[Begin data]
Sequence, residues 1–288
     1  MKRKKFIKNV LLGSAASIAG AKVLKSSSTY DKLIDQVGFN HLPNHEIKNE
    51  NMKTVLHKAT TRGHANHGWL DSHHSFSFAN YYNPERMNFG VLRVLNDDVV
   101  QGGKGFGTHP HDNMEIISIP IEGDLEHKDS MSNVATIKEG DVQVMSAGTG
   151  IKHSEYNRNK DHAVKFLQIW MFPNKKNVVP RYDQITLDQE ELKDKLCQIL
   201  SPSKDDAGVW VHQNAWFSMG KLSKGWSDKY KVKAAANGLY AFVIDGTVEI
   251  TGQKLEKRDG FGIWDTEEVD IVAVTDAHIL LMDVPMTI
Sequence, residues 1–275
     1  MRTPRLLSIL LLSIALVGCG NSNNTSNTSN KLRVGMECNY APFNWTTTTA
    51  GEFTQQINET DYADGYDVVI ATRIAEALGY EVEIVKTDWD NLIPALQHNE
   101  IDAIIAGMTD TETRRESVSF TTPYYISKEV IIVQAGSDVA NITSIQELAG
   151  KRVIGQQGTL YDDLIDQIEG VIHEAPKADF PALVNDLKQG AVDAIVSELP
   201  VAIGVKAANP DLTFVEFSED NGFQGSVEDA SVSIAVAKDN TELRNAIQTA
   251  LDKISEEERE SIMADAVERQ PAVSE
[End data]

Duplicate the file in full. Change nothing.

Sequence, residues 1–288
     1  MKRKKFIKNV LLGSAASIAG AKVLKSSSTY DKLIDQVGFN HLPNHEIKNE
    51  NMKTVLHKAT TRGHANHGWL DSHHSFSFAN YYNPERMNFG VLRVLNDDVV
   101  QGGKGFGTHP HDNMEIISIP IEGDLEHKDS MSNVATIKEG DVQVMSAGTG
   151  IKHSEYNRNK DHAVKFLQIW MFPNKKNVVP RYDQITLDQE ELKDKLCQIL
   201  SPSKDDAGVW VHQNAWFSMG KLSKGWSDKY KVKAAANGLY AFVIDGTVEI
   251  TGQKLEKRDG FGIWDTEEVD IVAVTDAHIL LMDVPMTI
Sequence, residues 1–275
     1  MRTPRLLSIL LLSIALVGCG NSNNTSNTSN KLRVGMECNY APFNWTTTTA
    51  GEFTQQINET DYADGYDVVI ATRIAEALGY EVEIVKTDWD NLIPALQHNE
   101  IDAIIAGMTD TETRRESVSF TTPYYISKEV IIVQAGSDVA NITSIQELAG
   151  KRVIGQQGTL YDDLIDQIEG VIHEAPKADF PALVNDLKQG AVDAIVSELP
   201  VAIGVKAANP DLTFVEFSED NGFQGSVEDA SVSIAVAKDN TELRNAIQTA
   251  LDKISEEERE SIMADAVERQ PAVSE